To commemorate, we have compiled some of the most memorable stories from the past five decades. From Sally Quinn's piercing political profile of Steve Martindale in 1974 to Robin Givhan's Pulitzer-winning take on Dick Cheney's outerwear in 2005, these are the stories that best represent the legacy of the section.
Steve Martindale, all of 28 years old, was a quintessential D.C. social climber, and this account, published on June 24, 1974, set a Style standard for profile-writing and cultural anthropology. The article moves with the tendons of New Journalism and the joints of Balzac. “Sally Quinn’s piece,” Washingtonian magazine declared the following year, “ended the romanticism of social reporting.”
Over his 39 years in Style, Henry Allen became a high priest of prose and poetry, celebrated (and often imitated) for his oomph, elegance and versatility. Here, in a story originally published on Feb. 11, 1988, he topples a national myth with trademark zeal, while also teaching the reader a thing or two about American history, identity and lunacy.
This one knocked Washington off its axis. Marjorie Williams, an immortal Style byline, trained her near-clairvoyant mind on a paragon of respectability, and found instead a mere mortal betrayed by his own reputation. Originally published in two parts on May 8 and 9, 1991, but presented here in full, the piece quietly builds over its 10,000 words until at last we see a man for what he really is, and a writer-reporter for what she really can do.
Bill Clinton did not know he had a half-brother — nor was the half-brother aware of his relationship to a U.S. president — until the Style section came calling. Gene Weingarten’s pursuit of Clinton’s long-dead father, published on June 20, 1993, broke news, and ennobled a classic Style maxim: Every story, big or small, is somehow about the meaning of life (and life’s “might-could’ves”).
With Martha Sherrill, the reader rides shotgun. Here she puts us next to JFK Jr. in September of 1995 and you can almost smell him. But a Style profile, however dishy and vivid, is never just a profile. It is a portal into a psyche and a biopsy of a moment. It shows us where we’ve been, and where we are, and where we’re going.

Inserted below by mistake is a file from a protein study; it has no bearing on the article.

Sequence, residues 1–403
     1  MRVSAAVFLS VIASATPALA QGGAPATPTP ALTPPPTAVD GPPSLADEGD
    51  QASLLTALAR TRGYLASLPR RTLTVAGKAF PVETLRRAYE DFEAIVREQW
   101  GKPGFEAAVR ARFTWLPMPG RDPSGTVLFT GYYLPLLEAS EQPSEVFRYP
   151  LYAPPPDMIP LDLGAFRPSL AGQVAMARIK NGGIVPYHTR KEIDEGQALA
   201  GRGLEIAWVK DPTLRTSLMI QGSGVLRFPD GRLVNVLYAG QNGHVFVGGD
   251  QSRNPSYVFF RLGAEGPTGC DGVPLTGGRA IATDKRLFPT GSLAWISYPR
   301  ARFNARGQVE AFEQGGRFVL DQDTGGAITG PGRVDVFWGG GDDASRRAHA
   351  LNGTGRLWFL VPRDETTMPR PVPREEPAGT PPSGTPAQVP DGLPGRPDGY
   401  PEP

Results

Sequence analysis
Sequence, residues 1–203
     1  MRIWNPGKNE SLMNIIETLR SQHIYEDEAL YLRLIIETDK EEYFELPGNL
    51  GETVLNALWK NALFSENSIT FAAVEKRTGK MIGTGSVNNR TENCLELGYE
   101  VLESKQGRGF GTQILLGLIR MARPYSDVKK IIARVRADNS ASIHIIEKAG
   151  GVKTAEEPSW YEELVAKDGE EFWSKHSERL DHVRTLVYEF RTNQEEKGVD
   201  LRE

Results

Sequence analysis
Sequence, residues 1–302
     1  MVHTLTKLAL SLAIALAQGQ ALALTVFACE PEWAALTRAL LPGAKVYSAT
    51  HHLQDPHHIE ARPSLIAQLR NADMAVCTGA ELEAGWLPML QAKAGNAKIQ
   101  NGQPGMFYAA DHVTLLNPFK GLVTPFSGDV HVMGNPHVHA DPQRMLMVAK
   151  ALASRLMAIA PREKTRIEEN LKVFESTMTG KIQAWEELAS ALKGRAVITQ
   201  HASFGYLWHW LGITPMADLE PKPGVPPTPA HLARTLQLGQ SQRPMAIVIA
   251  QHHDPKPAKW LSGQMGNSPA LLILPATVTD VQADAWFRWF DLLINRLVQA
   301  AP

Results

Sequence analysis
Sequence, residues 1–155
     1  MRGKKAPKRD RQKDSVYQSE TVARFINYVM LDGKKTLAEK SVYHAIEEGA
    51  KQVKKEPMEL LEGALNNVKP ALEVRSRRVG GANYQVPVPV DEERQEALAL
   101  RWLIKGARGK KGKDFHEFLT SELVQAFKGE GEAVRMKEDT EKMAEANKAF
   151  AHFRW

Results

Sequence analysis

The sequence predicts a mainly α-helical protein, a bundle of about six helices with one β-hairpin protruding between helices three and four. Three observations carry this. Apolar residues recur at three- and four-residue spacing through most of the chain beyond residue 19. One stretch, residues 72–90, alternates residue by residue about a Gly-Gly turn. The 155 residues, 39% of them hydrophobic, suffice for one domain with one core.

Rarely does a Style reporter train her eye squarely on herself, but in August of 1999 Lonnae O’Neal Parker offered up her heart and soul at the altar of feature writing, with the goal of putting something into words that resists blunt articulation. What results is a kind of magic, or prayer, or exorcism, in the guise of brave storytelling.
Life in Washington may be organized by presidential administrations, but it is experienced like anywhere else, like in Hank Stuever’s piece, published on Feb. 23, 2000: in quotidian actions, in wistful moments, in looking upward and underneath, and wondering what, and how, and why. Bold names and big events are the skin and bones of the Style section, but stories like this are the valves in its heart.
Style’s stable of critics are renowned, and their paeans and brickbats are legendary. Robin Givhan’s dressing down of a vice president, from Jan. 28, 2005, is not just a world-class scolding; it is a deadly serious and blisteringly funny argument for treating fashion as one would treat art, architecture and, yes, leadership on the world stage.
It’s tempting to call this a fanfare for the common man, but Wil Haygood knows that timpani is not nearly as effective as harmony between horns. With quietness and clarity, amid the hum of political climax on Nov. 7, 2008, he slipped a humble man into the official record, beside an American president.